A mere 271 words, the Gettysburg Address followed the dedication of the Soldiers’ National Cemetery by Edward Everett. That speech must have exhausted the crowd. It lasted more than 2 hours and contained more than 13,600 words.

Lincoln’s short speech lasted only a few minutes, but has gone down in history as one of the greatest of his career.

As the WikiWackyWoo explains, Lincoln was under the weather at the time:

During the train trip from Washington, D.C., to Gettysburg on November 18, Lincoln remarked to John Hay that he felt weak. On the morning of November 19, Lincoln mentioned to John Nicolay
that he was dizzy. In the railroad car the President rode with his
secretary, John G. Nicolay, his assistant secretary, John Hay, the three
members of his Cabinet who accompanied him, William Seward, John Usher and Montgomery Blair,
several foreign officials and others. Hay noted that during the speech
Lincoln’s face had ‘a ghastly color’ and that he was ‘sad, mournful,
almost haggard.’ After the speech, when Lincoln boarded the 6:30 pm
train for Washington, D.C., he was feverish and weak, with a severe
headache. A protracted illness followed, which included a vesicular rash
and was diagnosed as a mild case of smallpox. It thus seems highly likely that Lincoln was in the prodromal period of smallpox when he delivered the Gettysburg address.[10]

The Hay version of the speech

Yet, there’s no agreed upon text of the speech:

Despite the historical significance of Lincoln’s speech, modern
scholars disagree as to its exact wording, and contemporary
transcriptions published in newspaper accounts of the event and even
handwritten copies by Lincoln himself differ in their wording,
punctuation, and structure.[16][17]
Of these versions, the Bliss version, written well after the speech as a
favor for a friend, is viewed by many as the standard text.[18]
Its text differs, however, from the written versions prepared by
Lincoln before and after his speech. It is the only version to which
Lincoln affixed his signature, and the last he is known to have written.[18]

Here is the text that every grade school child memorized:

Four score and seven years ago our fathers brought forth on this
continent a new nation, conceived in liberty, and dedicated to the
proposition that all men are created equal.

Now we are engaged in a great civil war, testing whether that nation,
or any nation so conceived and so dedicated, can long endure. We are
met on a great battlefield of that war. We have come to dedicate a
portion of that field, as a final resting place for those who here gave
their lives that that nation might live. It is altogether fitting and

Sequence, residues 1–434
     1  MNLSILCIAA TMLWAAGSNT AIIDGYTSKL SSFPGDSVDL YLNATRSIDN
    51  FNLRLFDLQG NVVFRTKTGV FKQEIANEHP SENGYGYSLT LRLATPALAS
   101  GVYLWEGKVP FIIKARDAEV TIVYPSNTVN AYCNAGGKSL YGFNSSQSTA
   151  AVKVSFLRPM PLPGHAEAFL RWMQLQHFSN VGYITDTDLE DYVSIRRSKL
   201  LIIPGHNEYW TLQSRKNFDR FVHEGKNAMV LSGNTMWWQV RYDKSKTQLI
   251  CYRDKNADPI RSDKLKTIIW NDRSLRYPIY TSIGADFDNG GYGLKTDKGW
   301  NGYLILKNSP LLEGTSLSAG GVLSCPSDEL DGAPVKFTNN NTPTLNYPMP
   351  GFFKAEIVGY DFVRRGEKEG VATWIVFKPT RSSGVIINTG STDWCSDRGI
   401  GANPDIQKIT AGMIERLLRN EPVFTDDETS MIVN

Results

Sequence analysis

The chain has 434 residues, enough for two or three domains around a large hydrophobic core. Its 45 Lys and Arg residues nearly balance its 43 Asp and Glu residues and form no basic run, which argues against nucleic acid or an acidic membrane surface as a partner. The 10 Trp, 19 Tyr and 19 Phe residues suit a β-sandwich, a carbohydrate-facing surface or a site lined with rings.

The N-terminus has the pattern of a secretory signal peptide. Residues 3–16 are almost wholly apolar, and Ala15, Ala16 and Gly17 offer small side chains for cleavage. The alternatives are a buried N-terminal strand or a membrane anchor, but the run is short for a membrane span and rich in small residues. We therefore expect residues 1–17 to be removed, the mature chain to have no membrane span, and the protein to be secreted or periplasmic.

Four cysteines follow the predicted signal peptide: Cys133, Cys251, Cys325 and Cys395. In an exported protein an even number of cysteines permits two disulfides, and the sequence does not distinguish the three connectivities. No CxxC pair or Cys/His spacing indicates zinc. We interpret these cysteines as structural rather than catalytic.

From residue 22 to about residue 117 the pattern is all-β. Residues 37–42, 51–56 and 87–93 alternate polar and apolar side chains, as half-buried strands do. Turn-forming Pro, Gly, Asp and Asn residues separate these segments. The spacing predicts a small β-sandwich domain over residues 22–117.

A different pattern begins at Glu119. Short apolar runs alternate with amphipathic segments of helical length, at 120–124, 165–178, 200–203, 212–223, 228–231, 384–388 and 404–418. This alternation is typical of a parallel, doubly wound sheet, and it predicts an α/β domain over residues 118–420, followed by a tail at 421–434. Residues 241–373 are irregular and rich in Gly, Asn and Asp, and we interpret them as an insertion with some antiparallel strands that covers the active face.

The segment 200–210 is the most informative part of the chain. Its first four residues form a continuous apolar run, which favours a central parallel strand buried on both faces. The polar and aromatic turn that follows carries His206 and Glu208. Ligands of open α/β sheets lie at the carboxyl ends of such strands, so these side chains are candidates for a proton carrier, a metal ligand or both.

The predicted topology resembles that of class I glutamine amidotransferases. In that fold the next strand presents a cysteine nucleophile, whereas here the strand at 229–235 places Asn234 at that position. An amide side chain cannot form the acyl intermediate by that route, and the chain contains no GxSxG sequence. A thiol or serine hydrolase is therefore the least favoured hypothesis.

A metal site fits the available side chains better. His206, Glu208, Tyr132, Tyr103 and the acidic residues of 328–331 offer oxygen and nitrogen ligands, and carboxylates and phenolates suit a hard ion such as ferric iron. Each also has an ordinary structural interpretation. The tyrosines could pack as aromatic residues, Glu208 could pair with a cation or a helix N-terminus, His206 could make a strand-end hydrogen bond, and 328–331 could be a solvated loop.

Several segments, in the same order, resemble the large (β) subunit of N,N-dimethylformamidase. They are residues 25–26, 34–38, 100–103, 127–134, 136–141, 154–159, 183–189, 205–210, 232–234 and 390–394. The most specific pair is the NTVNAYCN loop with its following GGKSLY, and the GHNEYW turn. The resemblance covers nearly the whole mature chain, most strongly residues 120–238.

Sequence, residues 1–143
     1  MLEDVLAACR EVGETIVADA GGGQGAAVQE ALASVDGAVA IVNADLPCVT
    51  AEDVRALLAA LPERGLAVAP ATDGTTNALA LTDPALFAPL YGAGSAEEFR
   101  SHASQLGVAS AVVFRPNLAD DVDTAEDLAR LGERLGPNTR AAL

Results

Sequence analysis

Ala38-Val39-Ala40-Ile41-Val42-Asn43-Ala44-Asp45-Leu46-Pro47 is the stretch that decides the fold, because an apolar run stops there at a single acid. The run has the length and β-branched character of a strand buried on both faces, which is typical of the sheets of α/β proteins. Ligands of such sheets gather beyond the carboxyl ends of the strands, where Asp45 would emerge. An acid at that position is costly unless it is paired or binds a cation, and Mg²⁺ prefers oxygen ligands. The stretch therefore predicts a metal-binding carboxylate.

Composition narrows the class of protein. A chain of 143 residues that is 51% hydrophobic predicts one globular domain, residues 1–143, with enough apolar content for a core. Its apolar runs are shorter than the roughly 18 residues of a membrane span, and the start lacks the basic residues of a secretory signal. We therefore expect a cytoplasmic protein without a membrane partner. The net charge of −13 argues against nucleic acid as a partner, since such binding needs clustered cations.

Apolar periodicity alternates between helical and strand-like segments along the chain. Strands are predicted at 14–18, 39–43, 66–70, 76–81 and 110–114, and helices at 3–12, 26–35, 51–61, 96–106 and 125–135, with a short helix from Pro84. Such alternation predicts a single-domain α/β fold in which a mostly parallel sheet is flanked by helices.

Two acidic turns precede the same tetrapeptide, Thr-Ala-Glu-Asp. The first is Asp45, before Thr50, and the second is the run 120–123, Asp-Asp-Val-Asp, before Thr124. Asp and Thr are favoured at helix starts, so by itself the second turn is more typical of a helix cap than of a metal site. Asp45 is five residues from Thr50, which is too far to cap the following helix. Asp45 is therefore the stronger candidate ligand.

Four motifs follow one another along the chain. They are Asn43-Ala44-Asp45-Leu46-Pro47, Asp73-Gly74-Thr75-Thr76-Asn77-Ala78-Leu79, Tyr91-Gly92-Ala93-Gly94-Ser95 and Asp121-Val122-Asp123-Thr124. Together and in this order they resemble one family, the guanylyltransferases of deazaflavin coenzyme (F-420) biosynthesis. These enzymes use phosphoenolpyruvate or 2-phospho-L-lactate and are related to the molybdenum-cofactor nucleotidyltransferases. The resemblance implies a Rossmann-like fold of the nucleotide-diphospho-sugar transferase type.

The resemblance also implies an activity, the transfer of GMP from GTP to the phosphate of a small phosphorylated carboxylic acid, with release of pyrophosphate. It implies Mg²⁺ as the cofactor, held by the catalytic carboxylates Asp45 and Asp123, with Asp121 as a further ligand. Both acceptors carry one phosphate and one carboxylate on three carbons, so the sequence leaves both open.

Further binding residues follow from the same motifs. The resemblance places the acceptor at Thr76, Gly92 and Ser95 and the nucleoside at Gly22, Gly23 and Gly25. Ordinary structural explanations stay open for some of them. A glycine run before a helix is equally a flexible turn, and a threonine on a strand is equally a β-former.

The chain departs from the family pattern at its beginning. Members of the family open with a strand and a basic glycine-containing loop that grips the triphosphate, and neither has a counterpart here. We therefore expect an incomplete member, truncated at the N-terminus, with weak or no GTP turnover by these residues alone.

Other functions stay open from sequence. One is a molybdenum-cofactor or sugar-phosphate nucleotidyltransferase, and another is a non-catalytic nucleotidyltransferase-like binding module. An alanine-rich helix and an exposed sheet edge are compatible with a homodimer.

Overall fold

proper that we should do this.

But, in a larger sense, we can not dedicate, we can not consecrate,
we can not hallow this ground. The brave men, living and dead, who
struggled here, have consecrated it, far above our poor power to add or
detract. The world will little note, nor long remember what we say here,
but it can never forget what they did here. It is for us the living,
rather, to be dedicated here to the unfinished work which they who
fought here have thus far so nobly advanced. It is rather for us to be
here dedicated to the great task remaining before us—that from these
honored dead we take increased devotion to that cause for which they
gave the last full measure of devotion—that we here highly resolve that
these dead shall not have died in vain—that this nation, under God,
shall have a new birth of freedom—and that government of the people, by
the people, for the people, shall not perish from the earth.

Happy Canada Day!!!

I feel the most nostalgic for Canada on Canada Day.

One of the most famous Canadians is Captain Kirk…I mean, William Shatner:

However, he’s not the only famous Canadian. Do you want it in alphabetical order with a great beat?

Only true Canadians watched that video to the very end. Mostly Canadians are known for their sense of humour.

The reason there are so many “I am Canadian” parodies is because that was a famous advertising slogan for beer, the thing against which all Canadian culture is still measured. 
However, as I like to point out to most of my Canadian friends and family: You all had no choice and were born Canadian. I chose Canada. Here I am getting my Canadian citizenship, a very meaningful moment for me.
This is the woman who made us swear to the Queen and all her heirs and assigns.
I should remember her name, but the day was a blur.

I think that was also the last time I was drunk, as my friends plied me with scotch on the rocks all night long at The Ben Wicks because it also happened to be the night of a Munch. Oh, Canada!!!

Happy Birthday ► Mel Kaminsky

Dateline June 28, 1926 – Melvin Kaminski is born in Brooklyn, New York. It will be many years before he changes his name to Mel Brooks and makes the world laugh. Born only in 1926? Feels like Mel Brooks is as old as The Bible.

I’m not sure I believe that birth year. Mel Brooks has offered proof over and over he is at least a 2,000 Year Old Man.

Deep down inside, Mel Brooks wants to be known as a song and dance man. Over the years he’s given us some terrific Musical numbers.

No one in Pop Culture, including Glenn Beck, has made more references to Nazis.

Brooks has also mined Rap more than once, with equally fun results.

And, this is why people call me Hedley Lamarr:

However, my favourite Mel Brooks movie is the little known The Twelve Chairs, which was released in 1970 between The Producers and Blazing Saddles. Here is the whole movie: